This is how I make cooked flour and water paste for my paper mache sculptures.
I normally use the raw paste recipe when I use paper strips and paste, but there are times when it makes sense to take a few extra minutes and cook the paste, instead. In this video I show you when it’s worth the trouble.
If you’d rather read the instructions instead of watching the video:
Add one cup of cold water to a small sauce pan.
Add two tablespoons of white all-purpose flour.
Whisk the flour and water to make a smooth mixture without lumps.
Cook on medium-high, stirring constantly, until the mixture starts to boil. Let it cook for another minute, and then take it off the stove and allow it to cool before using.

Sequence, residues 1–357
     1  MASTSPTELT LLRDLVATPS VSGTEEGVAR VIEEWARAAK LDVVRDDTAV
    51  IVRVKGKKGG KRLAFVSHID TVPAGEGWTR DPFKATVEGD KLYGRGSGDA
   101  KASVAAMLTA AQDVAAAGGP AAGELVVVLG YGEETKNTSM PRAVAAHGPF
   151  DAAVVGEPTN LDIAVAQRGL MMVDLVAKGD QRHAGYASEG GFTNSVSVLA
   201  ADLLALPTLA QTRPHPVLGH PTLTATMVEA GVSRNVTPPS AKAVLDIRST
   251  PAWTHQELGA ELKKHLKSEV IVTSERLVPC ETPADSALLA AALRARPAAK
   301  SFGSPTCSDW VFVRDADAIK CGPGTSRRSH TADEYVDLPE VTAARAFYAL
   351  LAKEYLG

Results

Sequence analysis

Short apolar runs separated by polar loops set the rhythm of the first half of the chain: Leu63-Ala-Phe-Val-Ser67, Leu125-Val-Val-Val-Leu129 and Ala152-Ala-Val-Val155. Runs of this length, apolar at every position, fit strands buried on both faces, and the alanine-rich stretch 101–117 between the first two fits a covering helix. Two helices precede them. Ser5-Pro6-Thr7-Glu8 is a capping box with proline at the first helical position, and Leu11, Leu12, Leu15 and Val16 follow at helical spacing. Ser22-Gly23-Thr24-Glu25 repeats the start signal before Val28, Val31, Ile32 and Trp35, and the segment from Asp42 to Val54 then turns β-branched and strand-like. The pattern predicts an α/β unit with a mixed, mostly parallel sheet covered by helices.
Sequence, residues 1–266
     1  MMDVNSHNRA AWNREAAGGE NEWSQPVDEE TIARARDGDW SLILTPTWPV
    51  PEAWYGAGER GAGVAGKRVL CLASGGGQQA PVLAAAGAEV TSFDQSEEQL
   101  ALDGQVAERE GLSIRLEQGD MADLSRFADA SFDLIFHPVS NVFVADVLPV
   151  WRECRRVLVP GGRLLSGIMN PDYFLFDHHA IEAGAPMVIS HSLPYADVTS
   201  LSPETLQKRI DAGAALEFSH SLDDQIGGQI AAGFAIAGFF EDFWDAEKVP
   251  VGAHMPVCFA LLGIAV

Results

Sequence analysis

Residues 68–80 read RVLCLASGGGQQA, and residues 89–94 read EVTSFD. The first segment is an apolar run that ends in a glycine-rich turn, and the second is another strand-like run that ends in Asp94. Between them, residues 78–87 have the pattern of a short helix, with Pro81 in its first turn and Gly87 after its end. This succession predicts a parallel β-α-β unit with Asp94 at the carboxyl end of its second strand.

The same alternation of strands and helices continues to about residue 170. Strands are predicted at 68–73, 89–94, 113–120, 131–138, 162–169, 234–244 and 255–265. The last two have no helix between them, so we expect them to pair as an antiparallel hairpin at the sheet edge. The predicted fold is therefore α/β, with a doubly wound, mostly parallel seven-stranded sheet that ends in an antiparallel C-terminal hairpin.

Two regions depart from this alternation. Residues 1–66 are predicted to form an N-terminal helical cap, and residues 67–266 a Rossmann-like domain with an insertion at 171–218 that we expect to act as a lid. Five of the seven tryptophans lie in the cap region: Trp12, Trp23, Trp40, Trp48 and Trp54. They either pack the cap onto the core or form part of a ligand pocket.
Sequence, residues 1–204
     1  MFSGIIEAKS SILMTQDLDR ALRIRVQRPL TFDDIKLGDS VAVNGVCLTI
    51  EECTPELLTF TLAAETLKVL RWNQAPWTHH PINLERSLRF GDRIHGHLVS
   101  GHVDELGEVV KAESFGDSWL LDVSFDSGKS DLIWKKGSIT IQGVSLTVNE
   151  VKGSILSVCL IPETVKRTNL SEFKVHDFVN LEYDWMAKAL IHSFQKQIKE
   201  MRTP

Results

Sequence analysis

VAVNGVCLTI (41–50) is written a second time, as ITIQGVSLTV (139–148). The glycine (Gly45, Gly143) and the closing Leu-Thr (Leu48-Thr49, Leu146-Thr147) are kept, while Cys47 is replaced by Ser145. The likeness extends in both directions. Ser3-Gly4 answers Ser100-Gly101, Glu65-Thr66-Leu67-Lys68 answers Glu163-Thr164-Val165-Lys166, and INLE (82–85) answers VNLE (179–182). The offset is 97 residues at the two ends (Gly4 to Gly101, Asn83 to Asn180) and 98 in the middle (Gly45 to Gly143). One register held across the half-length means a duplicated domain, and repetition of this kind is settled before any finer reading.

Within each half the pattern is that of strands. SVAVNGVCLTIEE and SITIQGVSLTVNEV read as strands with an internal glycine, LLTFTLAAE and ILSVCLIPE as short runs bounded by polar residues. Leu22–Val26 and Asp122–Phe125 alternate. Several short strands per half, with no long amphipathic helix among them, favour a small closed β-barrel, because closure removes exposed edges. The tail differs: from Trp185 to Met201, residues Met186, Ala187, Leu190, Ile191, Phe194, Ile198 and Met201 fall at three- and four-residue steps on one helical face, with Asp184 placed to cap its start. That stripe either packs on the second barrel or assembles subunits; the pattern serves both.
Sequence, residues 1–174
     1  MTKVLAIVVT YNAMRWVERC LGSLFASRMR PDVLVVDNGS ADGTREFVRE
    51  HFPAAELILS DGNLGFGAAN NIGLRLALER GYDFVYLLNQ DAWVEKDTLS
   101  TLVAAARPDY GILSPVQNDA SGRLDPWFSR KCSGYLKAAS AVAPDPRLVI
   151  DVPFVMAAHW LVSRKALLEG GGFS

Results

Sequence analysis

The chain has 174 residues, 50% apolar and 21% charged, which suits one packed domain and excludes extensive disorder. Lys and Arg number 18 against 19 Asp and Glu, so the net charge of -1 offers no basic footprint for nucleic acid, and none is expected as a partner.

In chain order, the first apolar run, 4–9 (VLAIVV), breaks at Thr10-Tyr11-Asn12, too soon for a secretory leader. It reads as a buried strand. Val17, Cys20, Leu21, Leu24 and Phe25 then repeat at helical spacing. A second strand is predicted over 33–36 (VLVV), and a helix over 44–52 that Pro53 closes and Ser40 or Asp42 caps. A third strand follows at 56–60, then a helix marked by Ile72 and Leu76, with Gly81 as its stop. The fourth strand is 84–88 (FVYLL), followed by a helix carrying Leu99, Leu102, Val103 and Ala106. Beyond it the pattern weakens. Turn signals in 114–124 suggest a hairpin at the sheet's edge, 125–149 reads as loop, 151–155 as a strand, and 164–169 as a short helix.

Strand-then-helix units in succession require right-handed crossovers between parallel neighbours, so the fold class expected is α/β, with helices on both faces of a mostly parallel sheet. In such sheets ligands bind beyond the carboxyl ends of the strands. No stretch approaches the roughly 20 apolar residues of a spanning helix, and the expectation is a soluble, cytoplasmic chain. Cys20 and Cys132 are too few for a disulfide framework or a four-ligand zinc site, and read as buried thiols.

Your paste should be nice and smooth.
Make only as much as you think you’ll use in one day. It will start to lose its stickiness if you keep it overnight, because wild yeast will try to turn it into bread dough.
Raw and cooked paste, side by side.
The cooked paste is shown on the left, the raw flour and water paste is on the right.
As you can see, the cooked paste dries clear, and the surface texture is smooth.
The raw flour and water paste will leave residue of flour on the surface, so it doesn’t work well if you want the color of the paper to show on the final sculpture.
Both the raw and cooked paste recipes seem to hold the paper together equally well.
If you have a preference between the paste recipes, or if you know of a recipe I haven’t tried yet, be sure to leave a comment below.
You might like these paper mache recipes, too:
- My famous Paper Mache Clay recipe
- Wood glue – for strong, fast-drying paper mache
- No flour, gluten-free paper mache paste
- Easiest paper mache recipe – no cook flour and water paste